You saw a need, tried to fill it to help someone without, and when it was rejected, though desperately needed, you ‘still’ helped out by giving it to goodwill. What if Barney wasn’t the intended recipient of your gifts? Were you planning on donating to goodwill anyway? Maybe the eventual recipient of your donations “really” needs what you gave, and will truly be thankful to their unknown benefactor.

    You are an angel of hope when times are tough. It was enough that you saw a need, and cared enough to give. The universe took your gifts, and will distribute them to those who are truly worthy. Your deeds did not go unnoticed, trust me.

    • tbnranch says:

      Thank you, I didn’t even want to write Part 2 after what happened. Now, not only am I glad I did, but I realize this series might just need to continue. thanks for the kind words.

  10. I’m sorry to hear you’re feeling humiliated about this experience. The first thing I want to say is that your intentions were pure and for that, you should feel proud. That said, when you wrote your first post about Barney, I responded with an anecdote of my own, a quick story about a dinner I had with a homeless man some years ago in San Francisco. Although I was able to provide a meal for that man, I walked away from that experience feeling humiliated in my own way. Though different from what you are going through right now, I had a nagging feeling that I had somehow “used” this man because I needed a shoulder to cry on – like I had taken advantage of his circumstances to benefit myself, and by buying him a meal in the process, I was convincing myself that the trade was fair. I never saw that man again, and I’m sure it did him no real harm to listen to me talk about my troubles for an hour, but in thinking about this experience and yours, I think it just emphasizes the complexity of the homeless problems we face in all our cities. I don’t think that means we should just give up, though.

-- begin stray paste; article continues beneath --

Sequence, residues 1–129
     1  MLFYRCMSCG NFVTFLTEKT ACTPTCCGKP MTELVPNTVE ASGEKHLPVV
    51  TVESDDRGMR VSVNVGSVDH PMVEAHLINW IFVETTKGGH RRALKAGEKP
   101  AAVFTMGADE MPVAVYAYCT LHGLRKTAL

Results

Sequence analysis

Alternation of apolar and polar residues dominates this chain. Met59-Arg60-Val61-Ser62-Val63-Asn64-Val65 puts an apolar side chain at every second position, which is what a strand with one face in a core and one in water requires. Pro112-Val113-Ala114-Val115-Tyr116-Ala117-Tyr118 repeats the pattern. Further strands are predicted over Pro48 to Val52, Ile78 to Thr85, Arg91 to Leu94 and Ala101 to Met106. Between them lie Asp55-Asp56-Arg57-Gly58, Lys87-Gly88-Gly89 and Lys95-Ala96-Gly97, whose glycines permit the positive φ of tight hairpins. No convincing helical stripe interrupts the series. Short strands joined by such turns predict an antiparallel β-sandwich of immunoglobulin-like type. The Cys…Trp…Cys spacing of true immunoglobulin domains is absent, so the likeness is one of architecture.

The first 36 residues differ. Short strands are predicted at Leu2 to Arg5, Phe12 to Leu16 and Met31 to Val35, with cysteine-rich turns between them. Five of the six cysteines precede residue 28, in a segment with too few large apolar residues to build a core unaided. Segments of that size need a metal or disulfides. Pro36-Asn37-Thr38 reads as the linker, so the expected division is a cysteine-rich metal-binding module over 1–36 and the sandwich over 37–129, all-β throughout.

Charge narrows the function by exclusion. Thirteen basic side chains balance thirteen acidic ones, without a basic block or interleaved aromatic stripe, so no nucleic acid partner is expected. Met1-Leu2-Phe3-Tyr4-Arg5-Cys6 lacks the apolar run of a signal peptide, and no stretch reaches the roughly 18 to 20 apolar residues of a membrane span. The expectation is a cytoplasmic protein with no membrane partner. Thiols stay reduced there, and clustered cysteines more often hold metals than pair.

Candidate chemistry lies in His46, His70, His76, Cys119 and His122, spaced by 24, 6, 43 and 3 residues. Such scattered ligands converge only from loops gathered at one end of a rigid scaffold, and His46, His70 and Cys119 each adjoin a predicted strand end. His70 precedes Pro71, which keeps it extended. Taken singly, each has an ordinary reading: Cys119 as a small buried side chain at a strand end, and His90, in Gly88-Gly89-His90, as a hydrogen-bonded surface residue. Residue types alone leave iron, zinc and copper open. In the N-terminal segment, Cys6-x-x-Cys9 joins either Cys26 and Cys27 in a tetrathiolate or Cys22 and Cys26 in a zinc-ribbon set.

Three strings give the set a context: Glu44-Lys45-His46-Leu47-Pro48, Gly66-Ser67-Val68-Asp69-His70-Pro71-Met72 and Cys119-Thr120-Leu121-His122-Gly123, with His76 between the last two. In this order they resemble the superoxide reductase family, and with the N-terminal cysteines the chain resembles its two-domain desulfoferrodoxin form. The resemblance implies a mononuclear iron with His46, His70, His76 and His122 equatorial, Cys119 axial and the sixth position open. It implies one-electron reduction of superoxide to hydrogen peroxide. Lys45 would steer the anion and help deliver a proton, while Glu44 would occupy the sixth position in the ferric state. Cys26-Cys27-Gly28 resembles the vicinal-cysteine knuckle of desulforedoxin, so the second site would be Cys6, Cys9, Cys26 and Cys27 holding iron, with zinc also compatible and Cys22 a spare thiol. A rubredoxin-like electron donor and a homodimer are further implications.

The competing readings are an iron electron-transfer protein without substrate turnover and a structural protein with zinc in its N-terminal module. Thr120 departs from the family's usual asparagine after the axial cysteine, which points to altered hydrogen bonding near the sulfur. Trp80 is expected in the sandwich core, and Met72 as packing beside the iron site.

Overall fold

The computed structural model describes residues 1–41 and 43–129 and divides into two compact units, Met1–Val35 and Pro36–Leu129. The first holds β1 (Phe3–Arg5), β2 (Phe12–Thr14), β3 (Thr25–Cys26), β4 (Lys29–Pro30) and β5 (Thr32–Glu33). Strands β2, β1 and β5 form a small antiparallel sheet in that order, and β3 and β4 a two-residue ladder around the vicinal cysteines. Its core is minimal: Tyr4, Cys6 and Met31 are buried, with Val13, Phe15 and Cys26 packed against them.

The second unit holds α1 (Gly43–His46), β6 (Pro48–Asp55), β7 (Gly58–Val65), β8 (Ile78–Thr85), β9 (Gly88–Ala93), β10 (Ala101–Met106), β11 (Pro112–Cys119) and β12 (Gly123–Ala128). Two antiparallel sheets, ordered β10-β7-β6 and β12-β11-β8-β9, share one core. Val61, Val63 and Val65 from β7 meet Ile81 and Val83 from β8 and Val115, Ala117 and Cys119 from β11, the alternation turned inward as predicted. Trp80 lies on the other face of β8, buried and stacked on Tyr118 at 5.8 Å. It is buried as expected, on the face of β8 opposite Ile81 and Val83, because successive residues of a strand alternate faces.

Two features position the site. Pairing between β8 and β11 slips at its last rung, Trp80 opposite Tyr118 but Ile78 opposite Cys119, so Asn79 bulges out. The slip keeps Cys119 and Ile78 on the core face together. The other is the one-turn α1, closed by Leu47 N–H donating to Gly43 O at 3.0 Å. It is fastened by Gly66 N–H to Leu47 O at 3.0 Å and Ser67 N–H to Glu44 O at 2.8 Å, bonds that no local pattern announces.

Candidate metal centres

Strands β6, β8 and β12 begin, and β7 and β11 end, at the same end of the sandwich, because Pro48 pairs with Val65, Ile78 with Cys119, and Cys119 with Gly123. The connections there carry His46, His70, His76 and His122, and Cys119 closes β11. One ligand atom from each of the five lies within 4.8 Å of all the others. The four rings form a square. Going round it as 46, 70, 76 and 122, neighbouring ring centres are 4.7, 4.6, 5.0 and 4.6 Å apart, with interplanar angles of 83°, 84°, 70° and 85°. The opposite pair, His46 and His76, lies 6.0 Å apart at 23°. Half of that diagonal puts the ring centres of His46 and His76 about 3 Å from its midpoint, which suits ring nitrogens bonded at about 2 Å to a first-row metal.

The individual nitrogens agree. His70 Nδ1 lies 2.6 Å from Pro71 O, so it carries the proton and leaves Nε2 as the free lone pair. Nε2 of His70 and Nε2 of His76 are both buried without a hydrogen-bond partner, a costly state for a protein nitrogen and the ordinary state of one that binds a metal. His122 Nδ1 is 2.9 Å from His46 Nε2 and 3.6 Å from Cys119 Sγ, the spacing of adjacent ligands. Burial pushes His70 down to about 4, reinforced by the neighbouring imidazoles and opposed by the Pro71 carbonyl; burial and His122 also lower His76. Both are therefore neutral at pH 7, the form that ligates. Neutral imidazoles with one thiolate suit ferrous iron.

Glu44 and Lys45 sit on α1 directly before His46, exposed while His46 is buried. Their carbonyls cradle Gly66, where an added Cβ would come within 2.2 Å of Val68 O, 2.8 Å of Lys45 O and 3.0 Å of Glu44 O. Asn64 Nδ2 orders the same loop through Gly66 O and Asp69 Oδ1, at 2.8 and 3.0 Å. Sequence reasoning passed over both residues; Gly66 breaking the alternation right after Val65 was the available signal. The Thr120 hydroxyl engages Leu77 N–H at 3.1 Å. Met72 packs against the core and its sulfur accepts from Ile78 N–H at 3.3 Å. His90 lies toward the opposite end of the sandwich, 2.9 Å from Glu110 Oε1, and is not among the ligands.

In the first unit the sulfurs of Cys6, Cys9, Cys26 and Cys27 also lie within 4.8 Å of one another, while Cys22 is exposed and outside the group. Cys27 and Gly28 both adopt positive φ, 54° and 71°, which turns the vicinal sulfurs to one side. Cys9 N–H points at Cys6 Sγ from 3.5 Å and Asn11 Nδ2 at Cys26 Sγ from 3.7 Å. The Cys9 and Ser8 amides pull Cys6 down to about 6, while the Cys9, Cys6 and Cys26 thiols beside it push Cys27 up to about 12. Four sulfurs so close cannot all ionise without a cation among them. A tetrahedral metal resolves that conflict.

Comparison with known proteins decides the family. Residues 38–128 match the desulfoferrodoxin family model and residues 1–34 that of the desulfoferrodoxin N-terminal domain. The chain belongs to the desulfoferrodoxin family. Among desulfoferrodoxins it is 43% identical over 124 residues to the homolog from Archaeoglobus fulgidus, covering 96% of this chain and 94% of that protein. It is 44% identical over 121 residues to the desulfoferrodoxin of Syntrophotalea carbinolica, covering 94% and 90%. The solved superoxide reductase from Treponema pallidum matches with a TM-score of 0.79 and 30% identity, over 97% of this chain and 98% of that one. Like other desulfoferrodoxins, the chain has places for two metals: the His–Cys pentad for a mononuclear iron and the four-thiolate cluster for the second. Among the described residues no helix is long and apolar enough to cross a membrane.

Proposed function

I lived through some poverty-ridden times in the younger part of my childhood, and also struggled quite a bit after high school, though I didn’t have any kids to support, so my experiences were clearly less difficult than yours. Nonetheless, I imagine that at least some people that are homeless or have a hard time making ends meet also have an immense pride and don’t want to be seen as “charity” cases. It may just be that this man isn’t ready to accept what you’re offering, but that doesn’t mean you were wrong to offer.

    From a purely selfish perspective, as I read this piece, I wanted to know more. I want to know why he said he couldn’t use it? It’s really a piece that begs to keep going, and I don’t know if you intend to take any more actions to try to help Barney, but from a writing perspective, it really is a good piece. Follow your heart, though, whether that tells you to try again to help him, or to back off because he says he doesn’t want it. Thanks for sharing your thoughts, though. It’s a hard topic to be forthright about, especially when you feel like you’ve done something silly and it blew up in your face. That takes courage, another thing you should be commended for!

    • tbnranch says:

      Thank you many times over for making me see things from a different perspective. You’re right about this subject being complex, and neither of us may ever understand to what extent. BTW, you didn’t use anybody, that guy was grateful for dinner and probably standing on the street corner right now with a sign… “Will listen for food.” I know you made a brave and caring gesture, and you both went your separate ways carrying a little less on your shoulders. Be proud.